9 349 democratic country. If we allow an issue dimension to contain more than two distinct positions (e.g., Protestant, Catholic, Muslim), the range shifts from somewhat more than two to considerably more than 2. The point here is that Lijphart s estimates of the issue dimensions do not circularly emerge from the existing number of parties. For a given I, any practically conceivable number of parties remains possible. Conversely, for a given N, it takes very few issue dimensions to account for the number of parties, and countries tend to have more issue dimensions than they need to generate the number of parties observed. What this means is that N and I are not rigidly interconnected by the very definition of these quantities. In principle, a wide range of combinations is possible for values of N and I. We show in Figure 1 a plot of N versus I for all 22 of our cases. The regression line is N =.834I (4) with a correlation coefficient of.75. This is very close to N = I + 1, and indeed this equation yields an almost equally high ~orrelation.~ Of course, we are looking at effective number of parties; counting minor parties would give us higher values of N. Our second hypothesis is specifically about the 16 main diagonal countries in Table 111. Thus we should consider the best fit when omitting the UK, Canada, Australia, France V, West Germany, and Ireland. A glance at Fig. 1 shows that no appreciable improvement in fit is achieved. The plurality systems (Canada, UK, West Germany) fit the general pattern. The single STV case (Ireland) has unexpectedly many parties, and the single-member districts with runoff or alternative vote (France V and Australia) have unexpectedly few parties, but the number of cases is much too small 5- EFFECTIVE NUMBEROF - PARTIES (N) SINGLE-MEMBER DISTRICTS NUMBER OF ISSUE DIMENSIONS (I) Fig. I. The relationship between N and I in 22 democracies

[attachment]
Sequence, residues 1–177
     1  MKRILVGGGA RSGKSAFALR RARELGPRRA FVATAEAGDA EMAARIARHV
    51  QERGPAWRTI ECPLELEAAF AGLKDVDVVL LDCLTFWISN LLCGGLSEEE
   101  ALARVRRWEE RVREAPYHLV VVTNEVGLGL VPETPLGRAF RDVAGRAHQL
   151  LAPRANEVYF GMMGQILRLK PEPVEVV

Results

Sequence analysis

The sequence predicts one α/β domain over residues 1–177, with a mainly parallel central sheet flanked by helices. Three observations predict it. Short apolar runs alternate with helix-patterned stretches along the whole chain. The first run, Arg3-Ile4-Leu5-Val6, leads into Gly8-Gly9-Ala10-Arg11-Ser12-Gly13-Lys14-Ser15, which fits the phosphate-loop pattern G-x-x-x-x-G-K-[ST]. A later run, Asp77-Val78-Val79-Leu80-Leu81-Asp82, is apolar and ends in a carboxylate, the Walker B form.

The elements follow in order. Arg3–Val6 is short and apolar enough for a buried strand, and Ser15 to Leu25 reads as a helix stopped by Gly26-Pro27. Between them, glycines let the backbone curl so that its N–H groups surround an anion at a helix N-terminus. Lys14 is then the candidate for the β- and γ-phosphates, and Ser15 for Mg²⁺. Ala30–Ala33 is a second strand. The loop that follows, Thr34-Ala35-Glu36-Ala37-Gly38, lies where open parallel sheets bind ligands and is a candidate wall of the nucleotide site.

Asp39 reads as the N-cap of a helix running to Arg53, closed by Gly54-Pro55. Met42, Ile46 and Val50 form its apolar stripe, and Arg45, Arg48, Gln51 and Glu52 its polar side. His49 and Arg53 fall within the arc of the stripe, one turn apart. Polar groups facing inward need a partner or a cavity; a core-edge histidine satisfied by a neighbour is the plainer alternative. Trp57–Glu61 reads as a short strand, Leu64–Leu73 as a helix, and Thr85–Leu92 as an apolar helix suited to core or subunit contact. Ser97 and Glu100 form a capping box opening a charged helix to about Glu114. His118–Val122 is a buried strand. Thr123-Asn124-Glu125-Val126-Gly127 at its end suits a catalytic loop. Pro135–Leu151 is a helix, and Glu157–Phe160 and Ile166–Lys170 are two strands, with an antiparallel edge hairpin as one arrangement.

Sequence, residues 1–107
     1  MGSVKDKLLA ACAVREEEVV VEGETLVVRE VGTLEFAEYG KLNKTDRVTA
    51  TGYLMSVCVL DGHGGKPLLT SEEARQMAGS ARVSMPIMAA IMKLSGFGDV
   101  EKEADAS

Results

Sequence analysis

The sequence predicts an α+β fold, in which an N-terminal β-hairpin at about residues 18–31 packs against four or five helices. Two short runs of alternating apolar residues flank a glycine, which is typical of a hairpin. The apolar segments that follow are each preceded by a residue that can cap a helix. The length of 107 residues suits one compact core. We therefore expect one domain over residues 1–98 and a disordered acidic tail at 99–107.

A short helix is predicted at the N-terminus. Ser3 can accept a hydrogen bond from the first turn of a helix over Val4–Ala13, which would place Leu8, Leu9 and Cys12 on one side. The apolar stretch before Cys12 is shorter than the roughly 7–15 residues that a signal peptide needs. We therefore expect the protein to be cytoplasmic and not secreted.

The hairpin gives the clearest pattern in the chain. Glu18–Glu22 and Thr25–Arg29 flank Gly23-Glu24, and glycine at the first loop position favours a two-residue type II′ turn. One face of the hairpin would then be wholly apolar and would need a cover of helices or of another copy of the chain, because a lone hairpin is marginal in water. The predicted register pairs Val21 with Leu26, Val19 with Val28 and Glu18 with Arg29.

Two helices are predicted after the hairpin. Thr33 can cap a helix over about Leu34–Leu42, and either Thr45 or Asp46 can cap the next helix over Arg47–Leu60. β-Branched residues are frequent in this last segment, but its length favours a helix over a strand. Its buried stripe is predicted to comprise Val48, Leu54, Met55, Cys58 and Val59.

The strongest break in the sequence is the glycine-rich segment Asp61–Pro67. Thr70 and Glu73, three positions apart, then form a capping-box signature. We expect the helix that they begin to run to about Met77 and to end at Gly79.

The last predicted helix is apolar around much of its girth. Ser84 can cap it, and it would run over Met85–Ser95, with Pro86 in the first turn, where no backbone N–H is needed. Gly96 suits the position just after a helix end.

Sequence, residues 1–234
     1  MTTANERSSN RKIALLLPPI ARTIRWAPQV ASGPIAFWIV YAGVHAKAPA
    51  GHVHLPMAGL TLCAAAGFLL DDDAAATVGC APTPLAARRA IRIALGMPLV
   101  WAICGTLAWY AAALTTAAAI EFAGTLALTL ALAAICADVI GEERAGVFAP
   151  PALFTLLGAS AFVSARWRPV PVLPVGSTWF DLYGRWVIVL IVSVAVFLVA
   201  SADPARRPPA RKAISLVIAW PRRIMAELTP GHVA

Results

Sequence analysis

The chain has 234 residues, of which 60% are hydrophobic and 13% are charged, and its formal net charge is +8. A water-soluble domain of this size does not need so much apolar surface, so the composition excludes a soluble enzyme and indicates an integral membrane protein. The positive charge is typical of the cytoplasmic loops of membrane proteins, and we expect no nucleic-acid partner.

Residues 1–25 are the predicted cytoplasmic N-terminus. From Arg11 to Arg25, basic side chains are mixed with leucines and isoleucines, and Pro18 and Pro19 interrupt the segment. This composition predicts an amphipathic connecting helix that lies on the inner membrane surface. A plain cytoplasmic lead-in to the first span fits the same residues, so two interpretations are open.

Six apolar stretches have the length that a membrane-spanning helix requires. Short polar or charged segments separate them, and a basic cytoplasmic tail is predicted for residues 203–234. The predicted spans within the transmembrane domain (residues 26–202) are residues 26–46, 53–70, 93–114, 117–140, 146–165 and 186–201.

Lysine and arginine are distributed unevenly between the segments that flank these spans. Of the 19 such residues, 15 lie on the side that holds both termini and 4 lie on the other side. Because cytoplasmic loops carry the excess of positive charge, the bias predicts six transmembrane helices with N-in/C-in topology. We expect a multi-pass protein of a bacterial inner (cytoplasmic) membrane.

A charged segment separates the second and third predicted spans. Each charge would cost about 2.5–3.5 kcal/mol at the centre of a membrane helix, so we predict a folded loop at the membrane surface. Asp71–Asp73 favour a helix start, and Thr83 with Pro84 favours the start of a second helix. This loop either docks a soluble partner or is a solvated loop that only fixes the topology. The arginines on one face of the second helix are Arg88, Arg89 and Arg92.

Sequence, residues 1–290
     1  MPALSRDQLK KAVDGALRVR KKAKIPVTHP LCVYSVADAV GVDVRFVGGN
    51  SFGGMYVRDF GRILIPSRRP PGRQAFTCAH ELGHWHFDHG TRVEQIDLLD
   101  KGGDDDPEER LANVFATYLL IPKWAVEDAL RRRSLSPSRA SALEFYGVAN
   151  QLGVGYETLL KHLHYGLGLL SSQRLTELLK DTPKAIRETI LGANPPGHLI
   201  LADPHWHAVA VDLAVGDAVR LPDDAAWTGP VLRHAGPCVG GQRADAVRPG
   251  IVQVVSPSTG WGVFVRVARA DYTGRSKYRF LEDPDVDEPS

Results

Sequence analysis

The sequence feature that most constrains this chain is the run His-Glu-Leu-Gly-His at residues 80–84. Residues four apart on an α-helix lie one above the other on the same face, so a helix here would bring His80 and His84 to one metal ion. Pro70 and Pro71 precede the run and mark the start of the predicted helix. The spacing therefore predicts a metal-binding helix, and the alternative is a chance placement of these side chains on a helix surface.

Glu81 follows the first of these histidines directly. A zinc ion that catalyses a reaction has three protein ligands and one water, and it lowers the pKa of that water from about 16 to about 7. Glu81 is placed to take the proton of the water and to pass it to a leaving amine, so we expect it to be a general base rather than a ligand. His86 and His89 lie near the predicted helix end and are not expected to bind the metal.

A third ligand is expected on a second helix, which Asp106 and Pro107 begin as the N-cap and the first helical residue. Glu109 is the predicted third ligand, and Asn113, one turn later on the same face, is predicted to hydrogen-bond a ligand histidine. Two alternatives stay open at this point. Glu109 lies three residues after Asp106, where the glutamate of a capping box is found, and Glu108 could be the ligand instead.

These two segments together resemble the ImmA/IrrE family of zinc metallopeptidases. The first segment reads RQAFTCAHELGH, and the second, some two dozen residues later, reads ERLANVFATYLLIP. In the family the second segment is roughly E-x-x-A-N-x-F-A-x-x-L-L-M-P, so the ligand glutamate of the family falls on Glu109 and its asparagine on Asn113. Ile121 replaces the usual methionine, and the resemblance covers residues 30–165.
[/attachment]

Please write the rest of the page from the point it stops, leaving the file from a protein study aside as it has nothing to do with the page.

10 3 50 to draw any conclusions. The rule N = I + 1 seems to apply to all cells in Table 11, with an error range of + 1. Thus we see that I alone can account well for differences in N across countries, even if we do not take electoral system into account. However, there is a link between type of election system and number of issue cleavages. Above 2.5 issue dimensions, multimember districts are the rule (the only exception being France V). Below 2.0 issue dimensions, single-member districts are the rule (the only exception being Ireland). It may well be that countries with many issue dimensions do purposely pick electoral systems which enable more than two parties to survive (see Note 2). In particular, they may choose district magnitudes to satisfy this purpose. While the format of Eqn (2) suggests that M affects N, the reverse is also possible. Combining Eqns (2) and (3) could then express the tendency of issue dimensions to affect the choice of district magnitude.5 The connection between N and I was first established by Lijphart (1984: Table 8.4, p. 48), who provides a 3 x 3 cross-tabulation of countries grouped by low, medium, and high values of N and I. It is apparent from this table that N and I are interrelated and Lijphart (1984,148) reports a.75 correlation between them. However, Lijphart does not look at the slope of the regression line and thus does not derive the relationship N = I + 1. Given the remarkable strength of this relationship, it would seem that we have identified an important empirical rule. Nonetheless, although it is clearly important to have found a functional relationship such as N = I + 1 with such striking predictive power, it would still be desirable to hypothesize a mechanism which could account for that predictive power. This task, however, will require a separate paper. NOTES 1 For the parliamentary seat constellation one would expect and doesobtain N = 4. For.35-.3& & one also obtains N = 4.00 so that this distribution is roughly equivalent to one with four equally large parties. The rather improbable constellation , (with 25 parties of 2% each) would also yield N = The effective number of parties is connected to the well-known Rae fractionalization index F (Rae, 1971) through N = l/(l-f). For a small number of effective parties, N is roughly equal to the actual number of parties with at least 10% of the vote, but N is more descriptive of the party strengths than the simple count in cases like the following two:.40-.4&. l&. 10 and.4& If anything, the latter case has slightly more parties, as reflected in N increasing from 2.94 to 2.97, but the party count based on a 10% cutoff would suddenly drop from 4 to 2. 2 An alternative form of synthesis of the institutionalist and ideological approaches to predicting the number of parties would require longitudinal modelling of an interactive sort. i.e., the nature of issue cleavages in the society could affect the society s initial choice of election system. and the way in which political conflicts were resolved by existing electoral mechanisms could, over time, have an impact on the nature or the salience and intensity of societal cleavages. 3 Of course. we may have a multimodal distribution of voter preferences, or abstention from alienation/ indifference effects, each of which will complicate the analysis. but still not really fundamentally affect the result except under very special circumstances. If. for example, there is also an alienation effect. i.e.. voters too far away from their most preferred choice abstain out of alienation from the political proccss. we ll have both L and R moving towards (but perhaps not quite reaching) the central location in M. 3 It often tends to be forgotten that the calculation of correlation coefficient r issymmetrical in x and y. hut the same is not true of regression of y on x. In our case the regression of N on I yields N = , but the reverse regression of I on N yields the equivalent of N = The simple equation N = I + I lies in between. although much closer to the first equation.